June 9, 2013 - Day 15
With my vehicle disabled at the repair shop across the road, I arose from my slumber at Bonanza Gold Hotel in Dawson City, Yukon at 8:00 AM. I was thankful not to have slept beside the Dempster Highway the night before but I still had worries. Most notably, when would my car get fixed?
With a slim hope that my car could get repaired on a Sunday, I called Doug the tow truck driver. My hope was quickly dashed. Doug told me to call Ken at NAPA at 8:00 AM on Monday morning. So there it was. I was in the Yukon without a functioning car and with no idea when it would be repaired. Ah, well. Not to worry. I switched to a cheaper room at the hotel, ate some lunch and decided to explore my surroundings.
I walked 2 km into Dawson and looked for ways to pass the time. With its wooden sidewalks, it was neat to think about the oldtimers during the gold rush walking on the same spots. I saw a sign for a show that night at Diamond Tooth Gertie's, the local casino. I returned to the hotel, did some laundry, and ate a dinner of canned tuna with jalapenos, canned peaches, and apple sauce. Such is the life of a frugal traveller that shuns a cooler.
A helpful and pleasant lady working at the hotel offered to drive me into town that evening to save me from walking there again. It never hurts to mention that you have a broken-down car when you need help from strangers! I gladly accepted the offer and got to the casino early enough to play some $5 per hand blackjack and enjoy two very good shows, each with charismatic singing and cancan dancing ladies. The later show got more risqué and I wanted to stay for the third show at midnight which apparently takes the risqué to a whole other level. However, even though it was still light out at 11:00 PM, I wasn't looking forward to walking 2 km back to the hotel well past midnight so I left after the second show, hopeful to hear good news about my car the next day.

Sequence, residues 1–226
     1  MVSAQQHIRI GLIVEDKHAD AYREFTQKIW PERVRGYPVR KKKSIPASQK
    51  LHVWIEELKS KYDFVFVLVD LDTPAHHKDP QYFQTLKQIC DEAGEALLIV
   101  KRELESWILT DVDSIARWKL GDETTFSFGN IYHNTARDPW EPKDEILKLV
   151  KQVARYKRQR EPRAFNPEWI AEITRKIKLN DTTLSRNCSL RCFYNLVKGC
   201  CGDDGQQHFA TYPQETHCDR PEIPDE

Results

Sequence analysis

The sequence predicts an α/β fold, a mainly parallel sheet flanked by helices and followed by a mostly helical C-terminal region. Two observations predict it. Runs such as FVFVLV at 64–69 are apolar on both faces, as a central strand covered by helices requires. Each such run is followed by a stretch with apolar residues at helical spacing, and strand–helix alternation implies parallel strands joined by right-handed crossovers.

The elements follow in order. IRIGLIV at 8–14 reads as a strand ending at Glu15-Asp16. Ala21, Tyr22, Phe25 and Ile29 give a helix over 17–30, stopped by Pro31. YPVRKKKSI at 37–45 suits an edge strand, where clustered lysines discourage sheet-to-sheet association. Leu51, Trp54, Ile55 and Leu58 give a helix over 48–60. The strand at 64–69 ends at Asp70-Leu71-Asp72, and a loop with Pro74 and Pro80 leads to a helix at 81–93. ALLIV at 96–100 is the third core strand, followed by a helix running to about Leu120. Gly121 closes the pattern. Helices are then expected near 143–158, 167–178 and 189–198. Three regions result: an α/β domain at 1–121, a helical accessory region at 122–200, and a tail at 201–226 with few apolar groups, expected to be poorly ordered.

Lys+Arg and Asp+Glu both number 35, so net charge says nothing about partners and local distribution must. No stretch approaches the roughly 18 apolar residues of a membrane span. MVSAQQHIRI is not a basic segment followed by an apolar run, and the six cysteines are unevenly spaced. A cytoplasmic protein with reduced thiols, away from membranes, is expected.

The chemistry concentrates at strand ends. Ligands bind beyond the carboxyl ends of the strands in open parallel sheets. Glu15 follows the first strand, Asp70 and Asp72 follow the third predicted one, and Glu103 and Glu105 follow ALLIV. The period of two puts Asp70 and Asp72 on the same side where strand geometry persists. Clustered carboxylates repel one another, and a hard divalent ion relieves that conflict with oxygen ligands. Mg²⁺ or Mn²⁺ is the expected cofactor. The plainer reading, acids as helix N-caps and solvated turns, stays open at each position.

June 10, 2013 - Day 16
I called NAPA to ask about my car. They regrettably informed me that there were no tires in the city that fit my car - they would have to be ordered from Whitehorse. My best hope was that they were delivered the following day. There was nothing I could do but continue to wait.
I walked around town for much of the day, slightly disheartened that I couldn't explore any wilderness without a vehicle. I watched some TV and went to bed early.
June 11, 2013 - Day 17
Hallelujah! My tires had arrived! They were on my vehicle by 10:30 AM and within a half hour I was ready to leave Dawson. When I left Belleville, I had not planned to drive on the Top of the World Highway. However, I changed my mind in Dawson. When would I be in this area again and have the time and resources to drive across the northernmost land border between Canada and US?
I gassed up in Dawson, took the ferry across the Yukon River to the Top of the World Highway and was quickly rewarded. There was a black wolf casually sitting right on the road. Awesome! Travel on the highway was pretty desolate. There's not much forest and there weren't many other people.
I crossed the border into Alaska where the highway becomes known as the Taylor Highway. It was another country but the terrain didn't know the difference - it was just like Canada.